Social biases, on the other hand, are deeply rooted in the societal and cultural fabric, influencing attitudes towards people based on stereotypes rather than individual merit. These biases can manifest in various forms, including prejudice and discrimination, subtly shaping community interactions and opportunities. The Canadian Human Rights Commission discusses the implications of social biases and the importance of fostering inclusivity. 

Confirmation bias, a subset of cognitive bias, further complicates the landscape by leading individuals to favour information that confirms their preexisting beliefs or hypotheses. This bias can significantly hinder the ability to think critically and evaluate information objectively. A study highlighted by the University of Toronto examines the prevalence of confirmation bias in information processing and decision-making, underscoring the challenge it poses in achieving unbiased perspectives. 

Strategies to overcome bias 

Overcoming bias requires a deliberate and concerted effort to think critically, embrace diversity, and practice mindfulness. These strategies contribute to personal growth and pave the way for creating more inclusive and equitable spaces in society. Implementing change, both personally and professionally, necessitates a conscious effort to address and overcome bias. Education plays a crucial role in personal and professional growth. 

Critical thinking and the practice of questioning assumptions also serve as foundational steps in recognizing and dismantling biases. By actively engaging in critical analysis, one can uncover the underlying prejudices that often go unnoticed. Diversifying perspectives is crucial in enriching one's understanding and fostering a more inclusive environment. This involves seeking out and valuing the opinions and experiences of individuals from different backgrounds and cultures. Mindfulness and other reflective practices have shown promise in reducing snap judgments and implicit biases. A study conducted by researchers at McGill University indicates that mindfulness techniques can help individuals become more aware of their prejudicial thoughts and feelings, providing an opportunity to address and rectify them before they influence behaviour. By cultivating a habit of mindfulness, individuals can develop a greater capacity for empathy and understanding, further contributing to the reduction of bias.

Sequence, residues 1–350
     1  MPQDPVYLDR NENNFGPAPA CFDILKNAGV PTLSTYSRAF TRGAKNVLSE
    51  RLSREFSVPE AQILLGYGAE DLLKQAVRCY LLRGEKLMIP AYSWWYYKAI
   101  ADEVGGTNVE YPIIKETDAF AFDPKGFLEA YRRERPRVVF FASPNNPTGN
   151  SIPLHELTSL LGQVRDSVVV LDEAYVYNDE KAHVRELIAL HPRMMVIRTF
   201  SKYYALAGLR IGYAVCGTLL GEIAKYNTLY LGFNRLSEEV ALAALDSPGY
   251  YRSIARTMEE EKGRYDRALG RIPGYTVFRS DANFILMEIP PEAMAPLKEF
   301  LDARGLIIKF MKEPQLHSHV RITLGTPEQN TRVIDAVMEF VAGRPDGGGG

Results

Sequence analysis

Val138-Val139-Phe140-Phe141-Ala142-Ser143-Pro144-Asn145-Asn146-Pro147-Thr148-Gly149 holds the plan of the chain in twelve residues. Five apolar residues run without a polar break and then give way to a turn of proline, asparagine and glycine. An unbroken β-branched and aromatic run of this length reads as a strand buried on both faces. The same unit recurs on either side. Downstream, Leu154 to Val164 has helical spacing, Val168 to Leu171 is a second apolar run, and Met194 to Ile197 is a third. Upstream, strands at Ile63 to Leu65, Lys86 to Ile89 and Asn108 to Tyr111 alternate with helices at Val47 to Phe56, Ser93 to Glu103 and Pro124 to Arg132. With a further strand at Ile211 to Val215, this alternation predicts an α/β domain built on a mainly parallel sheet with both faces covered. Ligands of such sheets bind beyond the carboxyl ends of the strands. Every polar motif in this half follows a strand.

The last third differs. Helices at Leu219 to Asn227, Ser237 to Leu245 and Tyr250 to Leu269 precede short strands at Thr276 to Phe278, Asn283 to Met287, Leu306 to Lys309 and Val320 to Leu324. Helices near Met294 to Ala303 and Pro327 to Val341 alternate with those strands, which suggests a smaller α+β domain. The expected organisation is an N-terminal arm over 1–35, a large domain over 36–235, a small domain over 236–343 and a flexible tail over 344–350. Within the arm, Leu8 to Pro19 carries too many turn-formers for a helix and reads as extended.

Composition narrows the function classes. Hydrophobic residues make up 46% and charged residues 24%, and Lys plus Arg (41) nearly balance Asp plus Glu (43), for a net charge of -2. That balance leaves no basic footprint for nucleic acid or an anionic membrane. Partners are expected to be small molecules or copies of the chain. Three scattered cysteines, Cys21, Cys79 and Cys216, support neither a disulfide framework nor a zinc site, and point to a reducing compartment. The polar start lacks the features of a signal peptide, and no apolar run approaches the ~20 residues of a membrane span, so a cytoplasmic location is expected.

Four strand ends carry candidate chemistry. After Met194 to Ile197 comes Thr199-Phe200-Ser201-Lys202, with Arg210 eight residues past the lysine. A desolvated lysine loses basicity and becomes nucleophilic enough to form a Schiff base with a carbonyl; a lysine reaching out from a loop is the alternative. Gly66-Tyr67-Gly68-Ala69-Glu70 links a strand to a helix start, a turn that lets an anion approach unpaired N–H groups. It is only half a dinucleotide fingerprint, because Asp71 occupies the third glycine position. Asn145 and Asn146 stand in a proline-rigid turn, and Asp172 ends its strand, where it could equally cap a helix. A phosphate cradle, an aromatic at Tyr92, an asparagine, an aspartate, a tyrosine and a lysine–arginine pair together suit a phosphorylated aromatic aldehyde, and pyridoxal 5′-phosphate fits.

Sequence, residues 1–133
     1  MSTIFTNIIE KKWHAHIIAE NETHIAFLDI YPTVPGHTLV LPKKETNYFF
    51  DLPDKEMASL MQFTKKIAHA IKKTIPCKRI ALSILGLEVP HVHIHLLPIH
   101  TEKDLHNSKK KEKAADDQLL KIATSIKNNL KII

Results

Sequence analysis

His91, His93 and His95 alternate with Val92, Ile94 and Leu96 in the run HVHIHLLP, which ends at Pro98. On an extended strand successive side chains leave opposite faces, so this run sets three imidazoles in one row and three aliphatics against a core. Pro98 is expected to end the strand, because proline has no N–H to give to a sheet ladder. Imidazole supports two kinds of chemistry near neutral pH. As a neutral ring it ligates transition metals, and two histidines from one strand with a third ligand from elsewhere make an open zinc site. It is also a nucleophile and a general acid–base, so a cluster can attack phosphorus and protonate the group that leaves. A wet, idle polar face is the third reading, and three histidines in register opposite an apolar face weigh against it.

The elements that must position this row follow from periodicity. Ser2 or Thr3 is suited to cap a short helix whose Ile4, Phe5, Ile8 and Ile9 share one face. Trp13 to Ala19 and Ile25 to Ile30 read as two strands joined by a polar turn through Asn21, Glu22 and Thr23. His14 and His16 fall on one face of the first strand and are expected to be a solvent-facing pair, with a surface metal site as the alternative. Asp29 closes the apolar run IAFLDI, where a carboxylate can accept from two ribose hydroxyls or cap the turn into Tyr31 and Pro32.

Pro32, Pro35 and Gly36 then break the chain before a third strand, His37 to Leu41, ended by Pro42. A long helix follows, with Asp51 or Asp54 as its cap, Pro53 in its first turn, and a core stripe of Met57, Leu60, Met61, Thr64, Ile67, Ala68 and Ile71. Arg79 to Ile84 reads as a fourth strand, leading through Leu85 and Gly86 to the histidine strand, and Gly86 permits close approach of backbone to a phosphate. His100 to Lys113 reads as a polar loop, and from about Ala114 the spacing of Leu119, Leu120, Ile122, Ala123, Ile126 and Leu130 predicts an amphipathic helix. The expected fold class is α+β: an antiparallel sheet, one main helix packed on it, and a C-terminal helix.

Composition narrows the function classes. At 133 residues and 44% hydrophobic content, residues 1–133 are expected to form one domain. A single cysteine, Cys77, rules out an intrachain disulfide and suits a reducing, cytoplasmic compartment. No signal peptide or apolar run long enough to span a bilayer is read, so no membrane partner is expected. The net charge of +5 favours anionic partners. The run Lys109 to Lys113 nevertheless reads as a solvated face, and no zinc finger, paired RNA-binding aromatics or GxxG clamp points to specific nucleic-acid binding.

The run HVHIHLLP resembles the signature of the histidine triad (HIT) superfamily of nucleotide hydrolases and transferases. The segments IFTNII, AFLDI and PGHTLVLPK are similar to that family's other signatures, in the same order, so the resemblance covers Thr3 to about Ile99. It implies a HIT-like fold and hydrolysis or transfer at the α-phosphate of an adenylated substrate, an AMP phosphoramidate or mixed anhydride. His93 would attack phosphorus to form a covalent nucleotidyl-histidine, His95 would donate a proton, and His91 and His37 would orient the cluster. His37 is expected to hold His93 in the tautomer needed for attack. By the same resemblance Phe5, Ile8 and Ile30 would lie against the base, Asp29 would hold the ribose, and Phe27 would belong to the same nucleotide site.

In the journey towards awareness and inclusion, recognizing and overcoming bias is not a one-time achievement but a continuous process. It demands ongoing vigilance and a commitment to personal development. The path to an inclusive society is paved with the efforts of those who strive to understand and dismantle the structures and attitudes that underpin discrimination.  

Michael Bach is an author and speaker, a thought leader in inclusion, diversity, equity, and accessibility, and an IDEA consultant to BuildForce Canada.